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Interoperability is Key to Tech Competition

Compatible systems, and legal frameworks that enable them, will be vital in combatting tech concentration.

On October 6, the House Judiciary committee released a 449-page report concluding a 16-month investigation into the degree of economic concentration in the digital economy, the evidence of harm arising from the actions of four large tech companies at the center of that concentration, and the efficacy of current antitrust law and regulatory authority to mitigate harm and promote competition and consumer welfare.

The ACAL report (from the Antitrust, Commercial and Administrative Law subcommittee) was immediately controversial for the aggressiveness of its proposed remedies. While the substantive places of disagreement are very real, it’s important not to let them mask the context in which the report was released and the areas of consensus that are rapidly emerging in conversations of tech competition going forward, including the importance of interoperability and data portability and the legitimacy of some amount of government involvement to promote them.

The ACAL report was not the only output of Congress’s investigative process. Leaders from the House Judiciary committee minority released two separate reports to pair with the majority’s. One, led by Rep. Buck (R-Colo.), calls itself a “Third Way”, and will be influential in bipartisan legislation discussions going forward. The Buck report embraces several of the key recommendations of the ACAL report, including tweaks to a few subtle but crucial legal standards around presumptions and burdens of proof. One of those areas of agreement is the set of proposals regarding, in Buck’s words, “empowering consumers to take control of their user data through data portability and interoperability standards.”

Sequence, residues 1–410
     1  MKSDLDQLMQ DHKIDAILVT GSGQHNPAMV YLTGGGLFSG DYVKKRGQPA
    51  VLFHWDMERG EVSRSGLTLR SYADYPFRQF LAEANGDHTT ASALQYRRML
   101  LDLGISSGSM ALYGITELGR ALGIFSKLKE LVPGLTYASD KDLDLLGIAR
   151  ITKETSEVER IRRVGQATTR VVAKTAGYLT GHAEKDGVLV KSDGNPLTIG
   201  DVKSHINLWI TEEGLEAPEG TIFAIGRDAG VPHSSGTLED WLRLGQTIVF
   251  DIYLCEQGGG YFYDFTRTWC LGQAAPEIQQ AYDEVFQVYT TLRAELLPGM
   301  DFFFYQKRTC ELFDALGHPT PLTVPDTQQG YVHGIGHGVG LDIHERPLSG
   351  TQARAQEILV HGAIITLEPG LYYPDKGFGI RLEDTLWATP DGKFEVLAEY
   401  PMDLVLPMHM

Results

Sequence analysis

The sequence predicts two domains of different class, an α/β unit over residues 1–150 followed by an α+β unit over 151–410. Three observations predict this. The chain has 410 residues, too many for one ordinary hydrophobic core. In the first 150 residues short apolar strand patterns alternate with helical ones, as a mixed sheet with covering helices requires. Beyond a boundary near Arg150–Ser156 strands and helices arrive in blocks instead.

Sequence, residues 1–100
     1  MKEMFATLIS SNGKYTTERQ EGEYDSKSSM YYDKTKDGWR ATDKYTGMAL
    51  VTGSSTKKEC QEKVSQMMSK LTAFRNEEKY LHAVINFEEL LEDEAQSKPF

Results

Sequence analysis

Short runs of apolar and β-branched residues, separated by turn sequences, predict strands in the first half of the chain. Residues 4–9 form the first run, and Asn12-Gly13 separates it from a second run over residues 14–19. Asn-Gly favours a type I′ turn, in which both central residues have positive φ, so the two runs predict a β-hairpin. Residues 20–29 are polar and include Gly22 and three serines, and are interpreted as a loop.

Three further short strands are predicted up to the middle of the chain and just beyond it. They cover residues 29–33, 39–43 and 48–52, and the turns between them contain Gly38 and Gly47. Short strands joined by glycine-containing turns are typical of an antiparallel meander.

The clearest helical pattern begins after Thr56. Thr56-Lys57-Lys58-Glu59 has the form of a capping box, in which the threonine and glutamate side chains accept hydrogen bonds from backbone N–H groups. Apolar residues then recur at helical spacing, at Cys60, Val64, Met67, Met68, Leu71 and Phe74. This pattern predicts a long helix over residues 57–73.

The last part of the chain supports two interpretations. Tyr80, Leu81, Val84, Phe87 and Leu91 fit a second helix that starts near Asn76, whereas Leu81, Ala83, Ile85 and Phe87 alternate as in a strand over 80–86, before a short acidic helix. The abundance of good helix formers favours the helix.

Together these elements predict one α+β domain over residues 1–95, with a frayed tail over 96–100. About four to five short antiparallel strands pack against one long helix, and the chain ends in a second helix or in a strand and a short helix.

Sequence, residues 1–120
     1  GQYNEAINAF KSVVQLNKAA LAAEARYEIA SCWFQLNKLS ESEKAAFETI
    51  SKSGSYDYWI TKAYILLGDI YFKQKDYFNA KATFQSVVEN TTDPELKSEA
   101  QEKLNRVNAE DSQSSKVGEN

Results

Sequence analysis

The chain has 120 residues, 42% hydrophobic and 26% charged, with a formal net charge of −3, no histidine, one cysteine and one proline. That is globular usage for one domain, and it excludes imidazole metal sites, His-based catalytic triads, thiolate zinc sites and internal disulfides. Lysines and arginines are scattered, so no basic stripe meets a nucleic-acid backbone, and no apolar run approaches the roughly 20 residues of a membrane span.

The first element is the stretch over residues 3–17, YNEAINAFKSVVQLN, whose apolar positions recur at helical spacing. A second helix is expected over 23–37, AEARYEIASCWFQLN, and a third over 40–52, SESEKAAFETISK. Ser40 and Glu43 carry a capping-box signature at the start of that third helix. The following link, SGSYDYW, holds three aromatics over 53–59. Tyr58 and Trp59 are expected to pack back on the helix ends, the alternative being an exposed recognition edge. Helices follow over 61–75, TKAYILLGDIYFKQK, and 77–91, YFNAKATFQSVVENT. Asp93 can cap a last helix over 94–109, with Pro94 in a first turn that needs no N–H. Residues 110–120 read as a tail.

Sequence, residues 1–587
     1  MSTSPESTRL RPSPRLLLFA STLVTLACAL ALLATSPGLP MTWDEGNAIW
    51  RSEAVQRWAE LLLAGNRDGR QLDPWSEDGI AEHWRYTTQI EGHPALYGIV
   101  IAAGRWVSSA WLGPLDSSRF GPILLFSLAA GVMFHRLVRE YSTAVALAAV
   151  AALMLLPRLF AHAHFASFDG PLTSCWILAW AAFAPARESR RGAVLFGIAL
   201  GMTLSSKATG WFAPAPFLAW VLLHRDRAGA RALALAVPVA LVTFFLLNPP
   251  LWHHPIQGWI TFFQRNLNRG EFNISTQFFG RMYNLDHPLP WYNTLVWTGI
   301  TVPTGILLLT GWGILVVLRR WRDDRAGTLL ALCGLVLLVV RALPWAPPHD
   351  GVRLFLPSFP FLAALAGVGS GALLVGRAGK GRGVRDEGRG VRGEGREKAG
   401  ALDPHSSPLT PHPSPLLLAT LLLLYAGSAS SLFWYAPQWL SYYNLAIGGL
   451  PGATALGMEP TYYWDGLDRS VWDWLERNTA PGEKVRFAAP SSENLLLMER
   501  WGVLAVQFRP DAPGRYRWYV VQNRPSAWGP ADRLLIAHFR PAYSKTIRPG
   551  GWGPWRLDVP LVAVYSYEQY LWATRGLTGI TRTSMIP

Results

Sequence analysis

Interoperability and data portability enjoyed a tremendous rise to political visibility in 2019, beginning in March with the release of the European Commission’s expert report, “Competition policy for the digital era,” in which the word “interoperability” appears 105 times. Seven months later, the U.S. Senate introduced bipartisan legislation, the ACCESS Act, which if passed would mandate the provision of data portability and interoperability interfaces by large platforms. While the months since that bill’s introduction have been marked by a global pandemic and countless other legal and political developments, the Buck report and the ACAL report together indicate that there remains a core of bipartisan consensus around interoperability and data portability.

With the degree of political momentum behind interoperability and data portability, it’s time for us to figure out how best to make such mandates work in practice, and feed that understanding back into legislative processes to help make sure that future requirements are workable and not overly burdensome, particularly for startups and smaller companies. The digital economy will have lost its engine if every startup has to hire compliance lawyers before they can break into the market—but it will be just as broken if new market players can’t enter the market at all.

I have been writing for the past three years about the importance of interoperability in promoting innovation, competition, and user choice. Interoperability, paired with but above and beyond data portability, is at the heart of the digital economy, and protecting it will be both critical and challenging. It’s not a trivial exercise to implement the principles of interoperability in the framework of existing antitrust and competition law. But it’s also not an intractable one. The path ahead starts by recognizing what the Buck and ACAL reports make clear, as several academic studies over the past few years have also shown: the digital economy is different, and benefits from applying a different approach.